By Emily Stifler Wolfe 

Forming the base of nearly all aquatic food chains, diatoms are essential to the health of the planet. These single-celled photosynthetic plants account for around 40% of carbon fixation and oxygen production worldwide, according Dr. Loren Bahls, curator of the Montana Diatom Collection.


Big La Bohn Lake, one of 41 lakes where ASC adventurer Craig Weiland has sampled for diatoms in the past three years. (Photo by Craig Weiland)

“Diatoms appeared sometime during the Cretaceous, about the same time as flowering plants and when dinosaurs ruled the land,” explains Dr. Bahls, who has been an ASC partner since 2012. “When you slip on the rocks in a mountain stream, you are slipping on a thin layer of diatoms and the mucilage they produce.”

PictureScale: 10 microns (0.01mm)

With help from ASC hikers, climbers and backpackers, Dr. Bahls recently discovered a new genus of diatom, Kurtkrammeria, named after the German diatom researcher Kurt Krammer. Craig Weiland has been one of the most active and productive of the ASC volunteers on this project, and Dr. Bahls chose Kurtkrammeria weilandii (pictured at left) as the type species for the new genus Kurtkrammeria. K. weilandii, named for Weiland, exhibits all of the physical features that distinguish the new genus from other genera, and is endemic to the Pacific Northwest.

“Most of the samples that I used to describe the new genus were collected by ASC volunteers from small lakes and ponds in the mountains of the Pacific Northwest,” Dr. Bahls said. “The new genus is found only in remote bodies of water with difficult access. I couldn’t have done it without their help.”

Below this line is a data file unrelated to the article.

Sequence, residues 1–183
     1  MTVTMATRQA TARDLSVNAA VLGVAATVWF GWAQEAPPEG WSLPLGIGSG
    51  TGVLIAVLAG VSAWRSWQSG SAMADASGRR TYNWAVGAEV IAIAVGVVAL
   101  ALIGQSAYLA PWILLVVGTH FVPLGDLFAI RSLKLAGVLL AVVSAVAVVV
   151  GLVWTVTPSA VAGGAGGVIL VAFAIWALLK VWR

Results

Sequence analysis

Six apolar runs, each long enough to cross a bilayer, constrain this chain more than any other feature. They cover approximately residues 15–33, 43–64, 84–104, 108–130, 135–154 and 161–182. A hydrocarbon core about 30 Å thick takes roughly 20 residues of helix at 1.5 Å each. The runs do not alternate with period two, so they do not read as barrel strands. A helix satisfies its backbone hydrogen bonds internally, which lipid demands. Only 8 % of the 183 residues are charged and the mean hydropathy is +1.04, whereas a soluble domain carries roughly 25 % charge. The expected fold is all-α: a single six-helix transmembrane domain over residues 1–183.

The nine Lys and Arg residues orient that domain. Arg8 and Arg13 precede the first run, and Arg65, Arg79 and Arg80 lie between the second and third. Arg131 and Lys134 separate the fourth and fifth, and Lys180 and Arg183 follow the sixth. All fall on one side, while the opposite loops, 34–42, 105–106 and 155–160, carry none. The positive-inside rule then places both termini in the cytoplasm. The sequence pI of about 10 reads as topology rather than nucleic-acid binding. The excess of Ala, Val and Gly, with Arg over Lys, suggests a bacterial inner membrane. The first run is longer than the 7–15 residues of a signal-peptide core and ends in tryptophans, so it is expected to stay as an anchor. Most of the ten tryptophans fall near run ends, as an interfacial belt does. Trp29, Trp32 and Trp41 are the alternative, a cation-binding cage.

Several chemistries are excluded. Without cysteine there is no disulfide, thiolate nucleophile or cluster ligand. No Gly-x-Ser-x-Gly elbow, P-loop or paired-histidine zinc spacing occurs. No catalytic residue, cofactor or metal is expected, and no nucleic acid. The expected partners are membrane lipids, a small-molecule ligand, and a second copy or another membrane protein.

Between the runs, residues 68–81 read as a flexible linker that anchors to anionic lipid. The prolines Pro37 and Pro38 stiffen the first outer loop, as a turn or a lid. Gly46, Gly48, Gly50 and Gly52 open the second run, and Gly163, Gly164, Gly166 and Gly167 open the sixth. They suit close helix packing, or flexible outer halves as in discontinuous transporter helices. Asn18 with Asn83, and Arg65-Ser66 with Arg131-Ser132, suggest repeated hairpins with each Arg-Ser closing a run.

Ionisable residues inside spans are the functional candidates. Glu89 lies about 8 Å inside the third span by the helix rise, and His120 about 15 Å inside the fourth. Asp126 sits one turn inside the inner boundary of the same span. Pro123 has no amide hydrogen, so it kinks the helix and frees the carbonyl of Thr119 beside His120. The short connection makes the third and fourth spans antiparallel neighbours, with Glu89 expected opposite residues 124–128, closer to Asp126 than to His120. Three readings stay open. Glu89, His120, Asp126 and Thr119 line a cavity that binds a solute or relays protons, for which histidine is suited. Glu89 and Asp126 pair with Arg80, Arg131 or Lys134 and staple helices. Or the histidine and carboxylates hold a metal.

In biological classification, a species is the smallest unit; next comes genus, family, order, class and phylum. While several thousand species of freshwater diatoms exist in the United States, there are only about 180 genera. This new genus will help taxonomists better classify diatoms and recognize relationships among and differences between similar taxa. ASC volunteers contributed samples for the study from Washington, Oregon, Idaho, Montana, Wyoming, California, Alberta and British Columbia. 

In the big picture, studying diatoms can teach us more water quality, ecology and climate. 

Different diatom species have distinct tolerances and ranges for environmental variables including pH, salinity, nutrient concentration, suspended sediment, elevation and human disturbance, so scientists use them extensively in environmental assessment and monitoring, according to Diatoms of the United States. In addition, because diatom cell walls are made of either silicon dioxide—essentially glass—or opal, they don’t decompose, they can be used to study historic climates. 

The discovery is a first for Dr. Bahls, who has been studying diatoms for 49 years.

“Diatoms are the charismatic microflora,” he says. “They are to microscopic organisms as grizzly bears are to mammals. They are beautiful for their intricate designs and symmetry and amazing for their incredible variety. Once you’ve seen a diatom, any diatom, under a quality microscope, you’re hooked!”  


Climbing up Three Fingers, a peak in the Washington Cascades. Craig Weiland took two diatom samples from alpine tarns during this weekend backpacking trip. (Photo by Craig Wieland)

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